After the battle of Shiloh, the Union troops, including my great-great-grandfather, Ransom, whose unit had joined the rest of the Army here shortly after the battle, crept towards the railroad crossroads of Corinth very slowly with neither side wanting to have another re-run of Shiloh.  The Confederates knew it was hopeless, though, so one night in the gloom of darkness, they evacuated Corinth and retreated. 

 

After the rebels left, my great-great-grandfather Ransom spent about a month here in Corinth with the rest of the Union Army before heading north to Kentucky.  Ransom probably should've stayed in Corinth, though, because after he got to Kentucky, he got shot in the left arm by a rebel sharpshooter.  Ransom had his arm amputated in a field hospital, was sent to a hospital in St. Louis for a while, then went back to Michigan to recover.  Eager to get back into the action, one-armed Ransom, now a Sergeant, re-enlisted as a courier and spent the rest of the war dashing around eastern Tennessee with the 10th Michigan Cavalry, with a pistol in his right hand and the reins of his horse between his teeth.

 

Interestingly enough, Tommy Lee's ancestors had fought for the South during the Civil War, so here we were, two guys whose ancestors had fought on opposite sides of the war, riding around Corinth in a pickup truck.  Tommy's really a great guy and, since we're both Civil War buffs, we had a lot of friendly discussions about the war.  He couldn't have been more polite and thoughtful, and it didn't matter to either of us that our ancestors may have faced each other here in opposite trenches.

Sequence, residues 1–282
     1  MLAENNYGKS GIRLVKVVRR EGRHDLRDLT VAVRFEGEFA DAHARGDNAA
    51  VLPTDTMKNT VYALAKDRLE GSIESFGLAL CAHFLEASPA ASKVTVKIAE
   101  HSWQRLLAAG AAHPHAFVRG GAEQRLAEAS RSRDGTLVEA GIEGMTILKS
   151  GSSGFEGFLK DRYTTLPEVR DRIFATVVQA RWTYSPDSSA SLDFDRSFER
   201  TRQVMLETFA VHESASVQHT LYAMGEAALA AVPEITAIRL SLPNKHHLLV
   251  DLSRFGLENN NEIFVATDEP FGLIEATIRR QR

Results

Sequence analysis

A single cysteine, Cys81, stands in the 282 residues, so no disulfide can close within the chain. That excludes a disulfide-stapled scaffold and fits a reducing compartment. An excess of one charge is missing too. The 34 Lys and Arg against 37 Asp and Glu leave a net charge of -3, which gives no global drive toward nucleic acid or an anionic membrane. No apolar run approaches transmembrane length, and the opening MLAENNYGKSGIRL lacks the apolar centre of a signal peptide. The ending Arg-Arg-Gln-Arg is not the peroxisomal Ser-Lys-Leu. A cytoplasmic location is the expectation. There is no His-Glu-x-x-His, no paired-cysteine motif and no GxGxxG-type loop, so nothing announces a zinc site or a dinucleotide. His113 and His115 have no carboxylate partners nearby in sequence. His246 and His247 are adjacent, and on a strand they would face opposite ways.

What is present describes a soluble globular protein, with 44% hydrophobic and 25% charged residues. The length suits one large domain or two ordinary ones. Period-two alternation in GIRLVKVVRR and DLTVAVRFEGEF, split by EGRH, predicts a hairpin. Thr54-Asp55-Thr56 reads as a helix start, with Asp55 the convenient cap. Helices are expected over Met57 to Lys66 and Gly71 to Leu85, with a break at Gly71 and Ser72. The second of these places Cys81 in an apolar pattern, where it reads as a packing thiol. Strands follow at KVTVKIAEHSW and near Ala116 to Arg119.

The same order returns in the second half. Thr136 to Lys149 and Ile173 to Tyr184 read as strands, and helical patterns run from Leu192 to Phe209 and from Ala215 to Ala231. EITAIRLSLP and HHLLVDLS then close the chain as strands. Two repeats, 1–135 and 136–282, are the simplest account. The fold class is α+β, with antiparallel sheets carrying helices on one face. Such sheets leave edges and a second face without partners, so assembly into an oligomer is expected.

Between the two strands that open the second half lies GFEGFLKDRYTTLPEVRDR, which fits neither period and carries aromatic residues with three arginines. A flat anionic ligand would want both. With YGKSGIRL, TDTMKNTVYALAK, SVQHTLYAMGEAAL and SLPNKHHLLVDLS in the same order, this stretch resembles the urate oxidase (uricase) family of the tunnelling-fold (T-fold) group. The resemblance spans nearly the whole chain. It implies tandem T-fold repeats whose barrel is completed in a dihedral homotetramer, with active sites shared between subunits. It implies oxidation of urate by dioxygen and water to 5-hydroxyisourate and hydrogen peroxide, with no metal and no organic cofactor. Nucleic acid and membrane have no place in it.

By about 1 p.m., I was feeling guilty for taking up so much of Tommy's time, so I thanked him for his tour of Corinth and said good-bye.  "Where are you going now?," he asked me.  When I told him that I was going up to see the Shiloh Battlefield 20 miles away, Tommy said, "Well, heck, I'll go up there with you and show you around."  So Tommy hopped into his car and I followed him up to Shiloh, where we spent the rest of the afternoon.  Tommy grew up near here and, like many Southerners, considers Shiloh to be sacred ground, so I got a real insider's view of the battlefield.  

 

Around 6 p.m., as the gates at Shiloh were closing, I shook Tommy's hand and said good-bye.  Southern Hospitality at its best... and a day I'll never forget.

 

       

Above left:  This beach is called Pittsburg Landing.  It's on the Tennessee River and was where Union troops heading into the Battle of Shiloh in April 1862 disembarked from steamships.  Two weeks later, after the battle, my great-great-grandfather Ransom Myers and the 10th Michigan Infantry landed here and joined the rest of the Union forces marching south towards Corinth.

Above center:  The Battle of Shiloh was a bloody two-day conflict.  During the first day, the Confederates surprised the Union forces and almost drove them into the Tennessee River.  However, Union reinforcements arrived that night and pushed the Confederate troops back towards Corinth.   

Above right:  During the Battle of Shiloh, hundreds of wounded and dying soldiers on both sides crawled here to "Bloody Pond."

       

Above left:  Cannon on the Shiloh Battlefield.

Above center:  A Confederate memorial at Shiloh.  To many Southerners, battlefields like Shiloh and Vicksburg are sacred ground.  There were flowers and wreaths on nearly every statue here.

Above right:  Thanks, Tommy, for a great tour!

 

Meriwether's Last Evening

Being an avid history buff, I'm ashamed to admit that I never knew much about Meriwether Lewis until I read Stephen Ambrose's book "Undaunted Courage" a few years ago.  Lewis, of course, was one-half of the famous team, "Lewis and Clark."  Some probably think it was "Lewisenclark," but there were actually two people, not one. 

 

Lewis and William Clark were Army buddies who, back in the early 1800s, led the first American expedition across the Western U.S.  Back then, Americans knew very little about the West and, for example, thought the Rocky Mountains were something like the Blue Ridge Mountains of Virginia:  a single crest only a few thousand feet high.  And they weren't called the Rocky Mountains, either.  Back then, they were known as the Shining Mountains, then later, the Stony Mountains.